Definition: Emergency Nine (or E9)

Have you ever played an "emergency nine" at the golf course? That is a term that originated in the world of golf gambling, but has come more generally to refer to an extra nine holes, or a squeezed-in nine holes, or any 9-hole round that you play because you just couldn't stand another day without golf.

Emergency nine is often spelled "emergency 9," and is frequently abbreviated to "E9" or "E-9."

As noted, the term used to be used mostly among golf buddies (or foes) who were playing for money. If two golfers have money riding on the outcome of a standard, 18-hole round of golf, and they finish the final hole tied, they might play an emergency nine to settle the bet.

An emergency nine might also be called for by a golfer who just lost an 18-hole wager. In the following video, Lee Trevino uses the term when telling the story of a legendary gambling match against Raymond Floyd before Trevino was famous:

Floyd wanted an "emergency nine" because Trevino had just beaten him over 18 holes. A golfer who loses the 18-hole hole bet can request an emergency nine, which might (depending on what the golfers agree on) extend the original bet another nine holes, or might create a new bet. The winner of the original 18 does not have to agree to the emergency nine, however.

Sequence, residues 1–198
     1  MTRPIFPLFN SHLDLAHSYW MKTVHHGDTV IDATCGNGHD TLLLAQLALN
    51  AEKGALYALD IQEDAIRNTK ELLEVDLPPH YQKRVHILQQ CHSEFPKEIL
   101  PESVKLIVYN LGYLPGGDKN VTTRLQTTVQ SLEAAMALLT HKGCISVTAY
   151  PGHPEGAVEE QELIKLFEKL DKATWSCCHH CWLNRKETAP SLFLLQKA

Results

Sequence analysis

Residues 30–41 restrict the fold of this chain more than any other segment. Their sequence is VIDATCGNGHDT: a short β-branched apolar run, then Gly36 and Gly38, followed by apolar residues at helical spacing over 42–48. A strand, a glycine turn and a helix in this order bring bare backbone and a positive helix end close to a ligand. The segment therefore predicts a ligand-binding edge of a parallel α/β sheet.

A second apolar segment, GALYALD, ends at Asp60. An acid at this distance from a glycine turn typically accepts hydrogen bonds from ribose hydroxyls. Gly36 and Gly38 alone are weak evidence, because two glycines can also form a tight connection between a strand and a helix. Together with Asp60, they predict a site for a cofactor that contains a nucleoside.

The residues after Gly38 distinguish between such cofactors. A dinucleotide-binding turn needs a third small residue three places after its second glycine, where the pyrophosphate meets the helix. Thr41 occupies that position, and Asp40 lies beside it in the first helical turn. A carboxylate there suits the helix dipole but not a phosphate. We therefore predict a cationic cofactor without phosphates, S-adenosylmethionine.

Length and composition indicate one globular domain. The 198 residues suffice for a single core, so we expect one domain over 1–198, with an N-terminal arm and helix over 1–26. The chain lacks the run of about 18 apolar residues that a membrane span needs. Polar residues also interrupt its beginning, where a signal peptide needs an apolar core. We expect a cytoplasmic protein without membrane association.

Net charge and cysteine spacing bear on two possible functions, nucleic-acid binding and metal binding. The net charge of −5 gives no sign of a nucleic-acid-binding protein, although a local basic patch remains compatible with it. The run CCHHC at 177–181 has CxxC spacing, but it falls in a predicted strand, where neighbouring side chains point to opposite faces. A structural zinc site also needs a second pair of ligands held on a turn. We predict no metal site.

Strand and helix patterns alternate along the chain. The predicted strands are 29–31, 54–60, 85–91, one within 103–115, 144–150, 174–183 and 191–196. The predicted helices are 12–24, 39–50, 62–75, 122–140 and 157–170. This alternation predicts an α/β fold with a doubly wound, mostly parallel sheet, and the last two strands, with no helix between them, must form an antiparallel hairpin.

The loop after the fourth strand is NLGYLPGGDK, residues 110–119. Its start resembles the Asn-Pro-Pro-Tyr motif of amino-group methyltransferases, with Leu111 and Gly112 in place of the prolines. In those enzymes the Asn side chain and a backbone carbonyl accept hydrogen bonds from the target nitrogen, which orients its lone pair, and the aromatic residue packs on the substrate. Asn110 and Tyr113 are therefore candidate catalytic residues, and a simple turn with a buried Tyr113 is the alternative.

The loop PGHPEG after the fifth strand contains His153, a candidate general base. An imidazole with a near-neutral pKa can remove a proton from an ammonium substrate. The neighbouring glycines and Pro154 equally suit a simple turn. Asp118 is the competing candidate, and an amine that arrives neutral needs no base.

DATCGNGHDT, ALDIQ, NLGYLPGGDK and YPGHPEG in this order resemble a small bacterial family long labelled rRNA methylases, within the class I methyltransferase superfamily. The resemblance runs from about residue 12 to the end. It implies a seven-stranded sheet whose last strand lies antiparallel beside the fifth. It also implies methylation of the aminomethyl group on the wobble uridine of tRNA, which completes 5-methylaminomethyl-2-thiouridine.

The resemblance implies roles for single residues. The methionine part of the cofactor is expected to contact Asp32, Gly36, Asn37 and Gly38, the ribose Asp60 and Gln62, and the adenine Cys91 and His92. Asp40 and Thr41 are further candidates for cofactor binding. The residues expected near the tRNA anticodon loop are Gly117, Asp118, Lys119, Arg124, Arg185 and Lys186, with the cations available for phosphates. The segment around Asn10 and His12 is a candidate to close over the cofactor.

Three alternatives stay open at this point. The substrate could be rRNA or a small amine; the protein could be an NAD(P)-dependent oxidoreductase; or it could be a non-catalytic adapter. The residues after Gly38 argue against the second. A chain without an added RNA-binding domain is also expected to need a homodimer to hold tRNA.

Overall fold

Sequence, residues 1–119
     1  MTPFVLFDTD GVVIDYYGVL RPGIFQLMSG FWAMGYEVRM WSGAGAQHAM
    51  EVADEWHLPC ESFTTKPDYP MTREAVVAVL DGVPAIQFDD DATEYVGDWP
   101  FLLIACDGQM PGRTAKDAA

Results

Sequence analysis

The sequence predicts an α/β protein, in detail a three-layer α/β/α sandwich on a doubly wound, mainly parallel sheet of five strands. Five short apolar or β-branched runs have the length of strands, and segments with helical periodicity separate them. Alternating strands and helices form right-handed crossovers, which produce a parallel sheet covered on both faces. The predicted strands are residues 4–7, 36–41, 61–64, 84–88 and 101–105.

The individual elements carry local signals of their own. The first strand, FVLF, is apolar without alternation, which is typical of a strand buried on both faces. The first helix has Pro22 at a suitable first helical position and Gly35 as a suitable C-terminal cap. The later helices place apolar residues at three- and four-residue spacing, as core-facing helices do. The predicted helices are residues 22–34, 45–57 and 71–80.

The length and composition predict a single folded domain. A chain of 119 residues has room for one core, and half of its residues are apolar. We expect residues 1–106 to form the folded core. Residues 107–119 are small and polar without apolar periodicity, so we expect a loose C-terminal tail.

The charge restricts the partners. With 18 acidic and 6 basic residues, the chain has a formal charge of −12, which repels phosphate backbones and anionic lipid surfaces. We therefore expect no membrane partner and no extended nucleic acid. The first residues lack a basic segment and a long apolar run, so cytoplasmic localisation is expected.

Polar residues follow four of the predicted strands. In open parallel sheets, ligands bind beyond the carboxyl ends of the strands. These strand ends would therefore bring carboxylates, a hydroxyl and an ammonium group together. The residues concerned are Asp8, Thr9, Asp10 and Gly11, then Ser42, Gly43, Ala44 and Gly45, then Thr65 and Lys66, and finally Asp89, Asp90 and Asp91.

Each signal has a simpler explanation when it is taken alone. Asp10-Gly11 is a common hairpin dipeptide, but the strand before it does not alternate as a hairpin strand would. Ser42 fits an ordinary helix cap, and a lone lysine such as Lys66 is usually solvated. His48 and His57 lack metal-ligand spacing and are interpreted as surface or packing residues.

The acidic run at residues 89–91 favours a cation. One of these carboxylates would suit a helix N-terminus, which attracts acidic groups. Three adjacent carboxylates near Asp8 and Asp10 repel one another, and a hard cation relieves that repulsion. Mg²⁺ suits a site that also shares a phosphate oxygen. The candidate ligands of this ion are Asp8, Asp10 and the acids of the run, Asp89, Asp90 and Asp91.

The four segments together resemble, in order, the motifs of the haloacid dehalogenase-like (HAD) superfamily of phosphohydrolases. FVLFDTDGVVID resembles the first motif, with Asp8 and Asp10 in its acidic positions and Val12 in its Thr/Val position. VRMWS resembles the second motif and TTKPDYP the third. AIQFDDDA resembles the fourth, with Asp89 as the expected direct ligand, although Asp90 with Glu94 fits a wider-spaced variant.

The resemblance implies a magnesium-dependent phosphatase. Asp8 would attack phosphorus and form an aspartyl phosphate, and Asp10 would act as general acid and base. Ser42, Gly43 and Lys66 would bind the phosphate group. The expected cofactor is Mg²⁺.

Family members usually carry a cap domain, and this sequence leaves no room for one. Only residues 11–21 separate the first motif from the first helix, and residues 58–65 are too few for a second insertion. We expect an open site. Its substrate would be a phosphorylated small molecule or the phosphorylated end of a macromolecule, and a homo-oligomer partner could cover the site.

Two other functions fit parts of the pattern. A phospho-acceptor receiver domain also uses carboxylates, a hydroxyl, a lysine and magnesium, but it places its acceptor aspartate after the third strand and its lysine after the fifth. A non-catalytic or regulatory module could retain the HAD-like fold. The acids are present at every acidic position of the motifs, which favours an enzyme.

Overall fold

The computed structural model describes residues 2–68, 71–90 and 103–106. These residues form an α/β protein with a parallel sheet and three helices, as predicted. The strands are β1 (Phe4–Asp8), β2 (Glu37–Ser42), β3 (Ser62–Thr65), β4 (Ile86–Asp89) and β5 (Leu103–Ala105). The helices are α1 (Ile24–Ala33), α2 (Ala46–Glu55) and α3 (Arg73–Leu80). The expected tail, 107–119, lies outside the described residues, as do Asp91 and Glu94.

The term is much more widely used today. One golfer might call another after both haven gotten off work and suggest, "Let's get in an emergency nine." Or a golfer who hasn't been able to play in weeks might say, "I really need an emergency nine today."

So it has become a general term for when golfers manage to squeeze in an extra nine holes.

There are now golf companies, podcasts and web features that use the name Emergency 9 or E9. Golf courses run "emergency nine" specials (that apply to twilight rates or might just refer to any 9-hole round). There is golf merchandise branded with "Emergency 9" or with the term emblazoned on it (affiliate link, commissions earned).

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